Praseodymium and neodymium belong to a category of metals known as rare-earth elements and are used to make neodymium-iron-boron (NdFeB) magnets. These permanent magnets, as they are known, are essential to a swath of tech gear -- everything from speakers and electric vehicle motors to medical devices and precision munitions.
Hsiao's headaches are typical of many hardware makers. Demand for rare earths has risen sharply due to their increasing use in cutting-edge technologies, including the booming electric vehicle industry, while the economic recovery from the coronavirus pandemic has fueled demand for electronics.
Geopolitics are only making matters worse.
China is the only country that has a complete supply chain for rare earths from mining, to refining, to processing. As of last year, it controlled 55% of global production capacity and 85% of refining output for rare-earth elements, according to commodity research specialist Roskill. In January, Beijing hinted that it could introduce tighter controls exports, sparking higher prices.
This is close to spreading FUD (fear, uncertainty and doubt) about China, a media favourite these days. Strangely, in the very same media hardly any content critical of China was carried until 2013. Go figure.
With the “tighter controls” Nikkei refers primarily to new legislation for rare earths and to the Export Control Law of 2020.
We previously discussed extensively and in great detail China’s 7 year effort to overhaul 9 pre-existing, outdated laws and fold them into the export control law and concluded, that apart from refering to 20 year old export prohibition of ionic clay processing know-how, there is nothing in the Export Control Law that even mentions or refers to rare earth.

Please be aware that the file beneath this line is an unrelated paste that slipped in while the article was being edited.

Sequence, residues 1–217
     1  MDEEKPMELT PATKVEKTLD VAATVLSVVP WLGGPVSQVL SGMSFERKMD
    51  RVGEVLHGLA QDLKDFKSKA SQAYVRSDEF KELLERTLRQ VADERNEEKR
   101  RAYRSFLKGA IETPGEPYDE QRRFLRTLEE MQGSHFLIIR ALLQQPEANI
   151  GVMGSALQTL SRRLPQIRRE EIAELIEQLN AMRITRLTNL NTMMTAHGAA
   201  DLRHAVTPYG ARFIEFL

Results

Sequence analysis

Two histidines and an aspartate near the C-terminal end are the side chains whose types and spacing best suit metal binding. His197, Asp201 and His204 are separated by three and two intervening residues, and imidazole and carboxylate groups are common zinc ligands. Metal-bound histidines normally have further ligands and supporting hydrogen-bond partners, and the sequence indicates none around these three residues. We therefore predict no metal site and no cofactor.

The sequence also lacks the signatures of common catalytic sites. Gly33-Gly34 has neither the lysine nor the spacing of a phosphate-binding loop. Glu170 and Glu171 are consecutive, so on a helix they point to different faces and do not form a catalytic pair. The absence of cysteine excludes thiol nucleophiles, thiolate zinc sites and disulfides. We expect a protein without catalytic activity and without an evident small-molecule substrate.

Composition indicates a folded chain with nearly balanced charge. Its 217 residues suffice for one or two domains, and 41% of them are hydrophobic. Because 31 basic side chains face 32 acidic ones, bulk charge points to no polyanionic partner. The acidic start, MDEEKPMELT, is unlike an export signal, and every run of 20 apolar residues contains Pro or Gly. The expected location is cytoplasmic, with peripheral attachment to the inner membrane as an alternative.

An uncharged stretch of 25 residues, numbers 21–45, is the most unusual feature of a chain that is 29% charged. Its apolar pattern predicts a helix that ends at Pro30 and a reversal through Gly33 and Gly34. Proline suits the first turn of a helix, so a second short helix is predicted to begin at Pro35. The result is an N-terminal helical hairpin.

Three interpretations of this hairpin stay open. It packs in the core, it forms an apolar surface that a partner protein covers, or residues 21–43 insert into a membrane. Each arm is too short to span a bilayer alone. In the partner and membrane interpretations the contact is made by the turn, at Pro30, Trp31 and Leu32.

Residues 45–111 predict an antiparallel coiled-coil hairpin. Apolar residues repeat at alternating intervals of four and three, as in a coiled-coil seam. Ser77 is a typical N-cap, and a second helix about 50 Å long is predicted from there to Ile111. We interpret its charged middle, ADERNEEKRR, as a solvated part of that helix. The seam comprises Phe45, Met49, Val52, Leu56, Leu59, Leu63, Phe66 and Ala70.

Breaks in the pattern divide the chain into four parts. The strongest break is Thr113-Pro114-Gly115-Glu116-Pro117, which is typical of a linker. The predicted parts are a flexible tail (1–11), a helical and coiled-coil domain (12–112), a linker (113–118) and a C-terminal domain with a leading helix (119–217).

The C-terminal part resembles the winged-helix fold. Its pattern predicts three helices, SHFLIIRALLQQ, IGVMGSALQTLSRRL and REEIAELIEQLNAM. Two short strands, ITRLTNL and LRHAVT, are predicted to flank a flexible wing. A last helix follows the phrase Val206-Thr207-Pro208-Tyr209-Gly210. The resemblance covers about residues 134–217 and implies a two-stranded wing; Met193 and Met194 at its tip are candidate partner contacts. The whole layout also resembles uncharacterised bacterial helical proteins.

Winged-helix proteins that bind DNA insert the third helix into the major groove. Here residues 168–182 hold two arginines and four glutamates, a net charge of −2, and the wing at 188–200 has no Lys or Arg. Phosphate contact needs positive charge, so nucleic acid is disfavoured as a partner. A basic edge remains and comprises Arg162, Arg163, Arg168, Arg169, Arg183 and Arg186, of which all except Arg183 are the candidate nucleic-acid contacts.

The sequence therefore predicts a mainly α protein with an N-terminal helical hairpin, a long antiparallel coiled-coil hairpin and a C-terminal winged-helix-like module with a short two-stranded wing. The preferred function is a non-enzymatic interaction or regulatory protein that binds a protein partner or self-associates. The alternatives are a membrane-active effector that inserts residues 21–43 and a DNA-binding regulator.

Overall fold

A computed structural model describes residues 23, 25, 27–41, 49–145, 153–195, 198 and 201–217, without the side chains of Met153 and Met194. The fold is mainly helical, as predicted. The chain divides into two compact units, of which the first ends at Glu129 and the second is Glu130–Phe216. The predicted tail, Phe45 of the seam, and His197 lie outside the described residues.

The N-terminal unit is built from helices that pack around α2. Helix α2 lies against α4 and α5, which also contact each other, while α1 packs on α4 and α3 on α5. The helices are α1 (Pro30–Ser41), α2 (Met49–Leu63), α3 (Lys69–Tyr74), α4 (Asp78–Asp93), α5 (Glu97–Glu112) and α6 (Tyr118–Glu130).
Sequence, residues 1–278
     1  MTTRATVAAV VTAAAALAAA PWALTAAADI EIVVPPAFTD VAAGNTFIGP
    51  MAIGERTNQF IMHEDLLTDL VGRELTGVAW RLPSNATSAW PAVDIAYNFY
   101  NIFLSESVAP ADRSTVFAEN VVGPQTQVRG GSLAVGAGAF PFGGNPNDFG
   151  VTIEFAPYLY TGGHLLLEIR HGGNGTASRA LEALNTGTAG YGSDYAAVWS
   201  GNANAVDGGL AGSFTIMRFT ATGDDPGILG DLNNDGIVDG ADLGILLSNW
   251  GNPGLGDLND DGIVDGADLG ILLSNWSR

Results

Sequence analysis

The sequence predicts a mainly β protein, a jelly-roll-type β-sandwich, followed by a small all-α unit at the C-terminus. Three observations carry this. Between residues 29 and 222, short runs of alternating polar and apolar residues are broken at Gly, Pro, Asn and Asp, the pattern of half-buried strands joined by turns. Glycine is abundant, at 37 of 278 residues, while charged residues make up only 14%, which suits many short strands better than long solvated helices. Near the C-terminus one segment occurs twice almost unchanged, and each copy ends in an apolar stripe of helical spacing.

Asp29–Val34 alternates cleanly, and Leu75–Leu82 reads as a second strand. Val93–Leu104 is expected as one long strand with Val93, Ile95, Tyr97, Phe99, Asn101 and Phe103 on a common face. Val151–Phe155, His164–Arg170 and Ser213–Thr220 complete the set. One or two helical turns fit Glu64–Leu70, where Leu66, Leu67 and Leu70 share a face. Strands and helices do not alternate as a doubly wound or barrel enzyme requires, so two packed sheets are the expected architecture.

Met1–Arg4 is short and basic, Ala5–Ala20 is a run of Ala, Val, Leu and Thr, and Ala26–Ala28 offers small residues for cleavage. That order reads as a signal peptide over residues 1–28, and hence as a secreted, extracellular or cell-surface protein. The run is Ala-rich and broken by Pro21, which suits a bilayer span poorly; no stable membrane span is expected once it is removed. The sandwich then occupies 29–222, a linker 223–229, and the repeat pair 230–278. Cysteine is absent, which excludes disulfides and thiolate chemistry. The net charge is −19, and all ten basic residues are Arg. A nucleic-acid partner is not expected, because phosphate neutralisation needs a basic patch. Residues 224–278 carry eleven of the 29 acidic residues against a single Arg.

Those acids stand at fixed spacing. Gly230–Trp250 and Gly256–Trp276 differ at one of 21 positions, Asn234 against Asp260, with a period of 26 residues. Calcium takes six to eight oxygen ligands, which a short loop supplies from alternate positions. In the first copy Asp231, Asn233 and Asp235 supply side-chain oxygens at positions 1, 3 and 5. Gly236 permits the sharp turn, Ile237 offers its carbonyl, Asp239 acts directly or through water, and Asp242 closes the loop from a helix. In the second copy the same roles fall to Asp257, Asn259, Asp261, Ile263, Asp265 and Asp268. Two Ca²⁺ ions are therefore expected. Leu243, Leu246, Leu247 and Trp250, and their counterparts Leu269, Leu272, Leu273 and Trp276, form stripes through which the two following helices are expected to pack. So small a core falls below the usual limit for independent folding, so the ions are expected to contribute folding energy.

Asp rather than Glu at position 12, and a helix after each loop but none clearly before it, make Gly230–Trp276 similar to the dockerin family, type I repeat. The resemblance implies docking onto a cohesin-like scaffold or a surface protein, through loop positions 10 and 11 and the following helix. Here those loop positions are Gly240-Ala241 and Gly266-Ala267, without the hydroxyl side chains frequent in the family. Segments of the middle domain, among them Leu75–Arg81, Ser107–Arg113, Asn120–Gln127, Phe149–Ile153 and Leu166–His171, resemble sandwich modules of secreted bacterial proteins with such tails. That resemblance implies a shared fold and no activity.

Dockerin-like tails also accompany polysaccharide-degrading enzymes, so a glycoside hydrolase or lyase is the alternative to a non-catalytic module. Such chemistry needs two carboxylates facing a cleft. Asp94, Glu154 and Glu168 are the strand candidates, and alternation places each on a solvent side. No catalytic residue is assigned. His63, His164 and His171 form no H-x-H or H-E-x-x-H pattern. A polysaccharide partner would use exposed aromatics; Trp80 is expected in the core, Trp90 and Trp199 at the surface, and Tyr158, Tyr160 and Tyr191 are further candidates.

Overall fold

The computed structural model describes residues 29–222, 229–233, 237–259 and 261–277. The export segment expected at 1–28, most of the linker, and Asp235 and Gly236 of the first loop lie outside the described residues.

The law emulates pre-exiting export control laws in the US and the EU. Britains export control law came right after Brexit.
And again we ask: Since when has China’s government ever needed a law to do something or anything at all?
Do the media, who cook this stuff up over and over again, seriously believe that all their readers (=customers) are intellectually challenged?
Me-toos are popping up everywhere:
Lions Bay Capital Inc. Announces Update on Potential Rare Earth Project in Western Victoria, Australia
As reported in the Company's news release on August 25, 2021, LBI has entered into an option agreement with Savic under which it will have the right to enter into a Joint Venture agreement with Savic to earn a 50 per cent interest in the areas.
The below map from the SRK report shows the location of the recently announced Koppamurra rare earth element (REE) discovery in South Australia, on the border with Victoria, relative to the Savic licenses.
It seems, someone wants to piggyback on Australian Rare Earths Ltd.
And another me-too, this one a Jack of all Trades:
Quantum Energy Inc. (QEGY) Announces Hiring of Robert Edward Murray to Lead Rare Earth Exploration, Company to Open Offices in Ohio
Quantum Energy, Inc. currently has exploration operations ongoing in Wyoming, Washington, Michigan, and Alberta and Saskatchewan in Canada. The Company is highly focused on the conversion and processing of rare earth oxides and materials from a wide variety of waste streams related to coal, including fly ash, fly bottom Ash, coal ash, and reclaimed rare earth and ferrite magnet sources from appliances, electronics, and automotive waste streams.